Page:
Stir together and heat until butter is melted and mixture is well blended. Remove from heat and reserve for serving.

In a small bowl mix together the flour, paprika, cayenne pepper and salt. Place chicken wings in a large nonporous glass dish or bowl and sprinkle flour mixture over them until they are evenly coated. Cover dish or bowl and refrigerate for 60 to 90 minutes.

Fry coated wings in hot oil for 10 to 15 minutes, or until parts of wings begin to turn brown. Remove from heat, place wings in serving bowl, add hot sauce mixture and stir together. Serve.

Creamy cucumber salad
1 tsp sugar
1 cup dairy sour cream
3 tsp grated onion
2 tsp white vinegar or lemon juice
4 1/2 cups thinly sliced pared cucumbers
Blend together sugar, salt, sour cream, onion and vinegar in large bowl. Add cucumbers; mix well. Cover and chill at least 2 hours.

DST dilemma

The hour hand of the clock moved one hour ahead amidst much fanfare on the night of 19 June. I zapped channels, open-mouthed, as they showed the time being changed from eleven to midnight in the big clock at the Rajuk Bhaban live while the anchor in all these channels talked about the advantages of daylight saving time and it being used in many other countries.

I changed the time in most of the clocks in my house in the afternoon of the 19th so that I didn't have much of a problem going to bed at the “right” time and to work next day too. Accordingly, waking up at my usual time was no big a hassle and I didn't feel quite drained out waking up one hour early, so to speak.

But the rest of Bangladesh was quite another story! Here are some of the views I heard about DST.

My son-in-law's driver had to report to duty at 6 o'clock a couple of days after the time had changed. He called up Mehmood and asked, “bhaiya, ager time e ashbo no ekhonkar time e ashbo”? (should I come at the old time or the present time?) Mehmood, being the smart guy he is, asked the driver what the time was on his watch. The driver looked at his watch and mentioned the time. He hadn't changed his time...he was still running on the old time.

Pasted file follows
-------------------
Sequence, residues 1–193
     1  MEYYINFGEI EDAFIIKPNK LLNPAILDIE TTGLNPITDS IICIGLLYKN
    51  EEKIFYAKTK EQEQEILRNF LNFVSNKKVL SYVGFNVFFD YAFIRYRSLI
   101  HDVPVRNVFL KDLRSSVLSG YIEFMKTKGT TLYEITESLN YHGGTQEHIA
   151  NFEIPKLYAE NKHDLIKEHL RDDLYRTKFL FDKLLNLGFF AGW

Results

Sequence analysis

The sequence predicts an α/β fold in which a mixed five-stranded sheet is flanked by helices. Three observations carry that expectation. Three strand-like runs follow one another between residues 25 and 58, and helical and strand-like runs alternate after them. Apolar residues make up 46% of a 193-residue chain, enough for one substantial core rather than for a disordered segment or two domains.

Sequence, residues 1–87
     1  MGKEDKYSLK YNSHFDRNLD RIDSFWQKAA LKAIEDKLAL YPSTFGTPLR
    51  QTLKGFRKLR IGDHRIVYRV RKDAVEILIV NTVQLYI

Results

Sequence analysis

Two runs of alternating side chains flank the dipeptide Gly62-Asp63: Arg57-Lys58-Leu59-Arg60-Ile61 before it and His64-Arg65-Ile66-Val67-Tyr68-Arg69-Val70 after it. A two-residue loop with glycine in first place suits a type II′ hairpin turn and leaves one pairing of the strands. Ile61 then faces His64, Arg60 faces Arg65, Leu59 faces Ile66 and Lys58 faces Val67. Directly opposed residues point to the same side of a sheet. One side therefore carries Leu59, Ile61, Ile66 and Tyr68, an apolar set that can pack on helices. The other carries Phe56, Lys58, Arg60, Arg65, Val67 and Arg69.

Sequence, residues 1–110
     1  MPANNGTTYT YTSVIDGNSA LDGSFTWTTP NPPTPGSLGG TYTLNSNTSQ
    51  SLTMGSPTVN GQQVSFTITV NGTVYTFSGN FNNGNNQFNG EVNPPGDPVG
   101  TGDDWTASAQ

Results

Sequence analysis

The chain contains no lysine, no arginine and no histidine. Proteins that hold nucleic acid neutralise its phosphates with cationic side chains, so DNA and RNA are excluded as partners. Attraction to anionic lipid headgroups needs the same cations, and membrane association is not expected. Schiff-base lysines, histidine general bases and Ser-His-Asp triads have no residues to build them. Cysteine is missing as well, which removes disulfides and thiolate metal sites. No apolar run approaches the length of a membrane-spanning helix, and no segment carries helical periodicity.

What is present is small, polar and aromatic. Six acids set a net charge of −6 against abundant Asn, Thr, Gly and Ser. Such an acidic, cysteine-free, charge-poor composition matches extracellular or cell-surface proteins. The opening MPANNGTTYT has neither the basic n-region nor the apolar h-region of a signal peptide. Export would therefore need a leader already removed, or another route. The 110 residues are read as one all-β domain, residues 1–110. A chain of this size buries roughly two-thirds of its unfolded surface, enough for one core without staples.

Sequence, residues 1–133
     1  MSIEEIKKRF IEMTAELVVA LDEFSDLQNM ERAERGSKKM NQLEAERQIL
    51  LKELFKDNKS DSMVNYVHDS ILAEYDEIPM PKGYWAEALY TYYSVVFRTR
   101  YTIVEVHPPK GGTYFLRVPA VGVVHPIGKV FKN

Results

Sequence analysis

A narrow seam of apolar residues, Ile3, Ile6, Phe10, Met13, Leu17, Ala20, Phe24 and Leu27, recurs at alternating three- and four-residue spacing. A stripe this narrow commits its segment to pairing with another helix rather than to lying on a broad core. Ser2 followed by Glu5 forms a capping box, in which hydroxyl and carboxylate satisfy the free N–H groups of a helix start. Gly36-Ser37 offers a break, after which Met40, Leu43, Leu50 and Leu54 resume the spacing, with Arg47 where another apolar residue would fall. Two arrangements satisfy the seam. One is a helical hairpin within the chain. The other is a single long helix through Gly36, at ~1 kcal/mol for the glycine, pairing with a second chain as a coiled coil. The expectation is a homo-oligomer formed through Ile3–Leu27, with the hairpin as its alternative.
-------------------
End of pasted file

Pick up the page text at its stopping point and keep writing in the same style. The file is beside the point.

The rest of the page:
My cousin was coming from Dhaka by bus. Somehow, her driver too fell into the “ager” time and “porer” time mode and came to work late. She went to the bus station at break neck speed, getting held up at places by the inevitable traffic. She called up the bus counter and was told to hurry. At the bus station she found that the bus they were supposed to board hadn't arrived. The people at the counter arrogantly informed her that she would have missed it if the bus was on “time”!

A guest at my house stated that her aged mother-in law, a strong-willed matriarch, hadn't allowed them to change the time in any of their clocks. No matter how much they cajoled her, she wouldn't budge an inch.

My friend's sister in law, a housewife, told her, “bhabi, you guys have gone ahead but those of us who stay at home have gone backwards”. She meant that the time for namaaz had gone one hour forward.

I asked an old woman who lives in a village near the Sylhet Osmany International Airport if she and her family were facing any problem with the new timing. She didn't have a clue about daylight saving time. She was very surprised and informed me that there was no publicity in her village about it.

All said and done, I asked my mother a week later how she was faring with the new timing. She smugly announced that she hadn't changed the time in any of her clocks around the house!